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CONTACT: DEP Press Office, 850.245.2112, DEPNews@dep.state.fl.us


~DEP's continued regulation, improvements by major sources leads to cleaner Florida air~

TALLAHASSEE In 2012, air emissions from Florida’s industrial facilities hit their lowest levels since the Florida Department of Environmental Protection began tracking them in 1985, due to the Department's oversight and facilities' use of new technology to curb pollutants.

Since 2010, annual air emissions have declined nearly 22 percent to 412,628 tons. A decade ago, Florida’s industrial facilities emitted nearly 1.1 million tons of pollutants annually. The result is that Florida's air quality has improved and Florida can boast that its air quality is among the best in the nation.

Earlier this year, the American Lung Association released its 2013 State of the Air study, which reported that Florida experienced zero unhealthy days for ozone pollution during the three-year study period. In addition, the Association ranked four Florida cities among the 16 cleanest nationwide for both year-round and short-term particle pollution.

"This is great news for Florida—fewer air emissions mean better air quality for Floridians and visitors," said Brian Accardo, Director of the Division of Air Resource Management. "Department staff is focused on ensuring regulated businesses comply with stringent emission limits and use the latest technology to curb pollution.”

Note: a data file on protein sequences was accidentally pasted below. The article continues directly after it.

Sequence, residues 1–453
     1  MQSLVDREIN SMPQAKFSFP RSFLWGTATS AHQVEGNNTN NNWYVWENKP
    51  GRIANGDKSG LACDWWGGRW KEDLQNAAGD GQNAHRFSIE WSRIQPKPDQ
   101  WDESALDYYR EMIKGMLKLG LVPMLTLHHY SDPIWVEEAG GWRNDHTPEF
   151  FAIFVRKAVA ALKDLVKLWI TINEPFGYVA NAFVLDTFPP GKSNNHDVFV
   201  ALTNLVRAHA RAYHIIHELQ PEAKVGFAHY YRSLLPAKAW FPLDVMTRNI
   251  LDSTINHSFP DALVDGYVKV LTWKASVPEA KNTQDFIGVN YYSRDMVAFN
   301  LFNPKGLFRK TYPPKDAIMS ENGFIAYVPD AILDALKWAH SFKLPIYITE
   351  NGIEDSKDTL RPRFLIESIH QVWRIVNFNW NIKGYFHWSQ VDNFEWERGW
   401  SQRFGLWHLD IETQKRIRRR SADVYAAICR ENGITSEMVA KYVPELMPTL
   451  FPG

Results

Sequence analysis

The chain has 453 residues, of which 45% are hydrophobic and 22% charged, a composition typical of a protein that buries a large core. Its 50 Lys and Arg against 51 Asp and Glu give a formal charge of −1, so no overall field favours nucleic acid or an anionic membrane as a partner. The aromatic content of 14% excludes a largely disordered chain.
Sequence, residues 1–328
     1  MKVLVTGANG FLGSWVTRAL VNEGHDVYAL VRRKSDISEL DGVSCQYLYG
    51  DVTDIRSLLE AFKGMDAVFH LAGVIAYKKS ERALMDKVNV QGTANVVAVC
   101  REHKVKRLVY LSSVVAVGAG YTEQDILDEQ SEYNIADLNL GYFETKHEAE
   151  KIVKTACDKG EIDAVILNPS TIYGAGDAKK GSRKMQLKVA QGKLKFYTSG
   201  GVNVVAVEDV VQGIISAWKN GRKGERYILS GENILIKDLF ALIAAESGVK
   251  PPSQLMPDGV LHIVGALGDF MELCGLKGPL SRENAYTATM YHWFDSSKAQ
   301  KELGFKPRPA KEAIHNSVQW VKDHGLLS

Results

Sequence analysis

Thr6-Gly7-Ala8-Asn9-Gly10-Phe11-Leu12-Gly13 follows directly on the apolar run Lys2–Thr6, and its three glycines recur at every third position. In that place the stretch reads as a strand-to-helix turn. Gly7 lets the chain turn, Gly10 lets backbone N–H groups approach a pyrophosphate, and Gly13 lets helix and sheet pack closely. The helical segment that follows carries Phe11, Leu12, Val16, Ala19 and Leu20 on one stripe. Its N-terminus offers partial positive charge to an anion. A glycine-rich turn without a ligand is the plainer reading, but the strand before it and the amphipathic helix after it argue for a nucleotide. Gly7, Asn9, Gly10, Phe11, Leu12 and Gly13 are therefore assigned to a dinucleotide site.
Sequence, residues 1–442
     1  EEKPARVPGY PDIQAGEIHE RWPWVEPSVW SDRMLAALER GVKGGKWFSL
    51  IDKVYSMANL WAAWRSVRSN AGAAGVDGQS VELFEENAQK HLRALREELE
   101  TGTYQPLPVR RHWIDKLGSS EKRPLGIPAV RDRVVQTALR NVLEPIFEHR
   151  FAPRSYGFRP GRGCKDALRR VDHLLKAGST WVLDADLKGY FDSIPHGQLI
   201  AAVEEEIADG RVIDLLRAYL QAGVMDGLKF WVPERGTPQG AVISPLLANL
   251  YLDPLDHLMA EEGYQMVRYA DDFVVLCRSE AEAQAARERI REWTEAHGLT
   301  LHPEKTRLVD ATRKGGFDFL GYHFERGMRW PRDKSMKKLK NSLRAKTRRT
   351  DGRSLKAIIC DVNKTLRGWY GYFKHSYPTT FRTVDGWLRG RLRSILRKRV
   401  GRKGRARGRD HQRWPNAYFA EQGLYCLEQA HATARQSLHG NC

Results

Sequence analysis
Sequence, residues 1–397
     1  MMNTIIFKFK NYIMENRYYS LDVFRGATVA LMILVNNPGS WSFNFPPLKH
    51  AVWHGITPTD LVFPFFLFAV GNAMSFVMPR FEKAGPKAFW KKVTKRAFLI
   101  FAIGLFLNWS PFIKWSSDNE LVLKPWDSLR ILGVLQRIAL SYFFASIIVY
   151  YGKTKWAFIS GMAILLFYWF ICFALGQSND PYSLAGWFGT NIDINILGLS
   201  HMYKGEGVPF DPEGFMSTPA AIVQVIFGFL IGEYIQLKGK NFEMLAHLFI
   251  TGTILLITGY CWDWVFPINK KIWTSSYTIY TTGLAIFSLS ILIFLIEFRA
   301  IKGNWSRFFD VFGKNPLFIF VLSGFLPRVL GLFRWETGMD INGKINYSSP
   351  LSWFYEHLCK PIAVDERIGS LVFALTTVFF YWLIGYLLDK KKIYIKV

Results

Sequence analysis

The Department also recognizes the benefit of incentivizing additional reductions. One successful initiative led by the Department in 2012 was the Title V Fee Holiday, which reduced emissions by nearly 1,900 tons while saving Florida small businesses more than $300,000 statewide. The Department's initiative allowed businesses that curbed emissions to have a $5,000 fee waived. Title V is a federal program run by states in which facilities pay to offset the regulatory cost of controlling air emissions from certain industrial facilities. Ultimately, 281 businesses kept their 2012 air emissions low enough to qualify for the fee holiday.

This year, if major industrial facilities emit fewer air emissions than authorized by permit, the Department will allow those facilities to pay fees only on the pollutants actually emitted. Previously, some facilities would pay fees on allowed emissions. The Department’s new approach will provide businesses a financial incentive to reduce pollution. Continued use of traditional regulatory and incentive-based measures such as these will assure that Florida is as prepared as possible to comply with increasingly stringent national clean air standards.

The Department's website allows the public to monitor updated air quality information through its Spatial Air Quality System. Web users are able to access updated air quality data as reported by Florida’s statewide network of air quality monitors. Additional information about Florida's air quality is available through the Department's Division of Air Resource Management website.

Click here to view a year-by-year list of air emissions in Florida.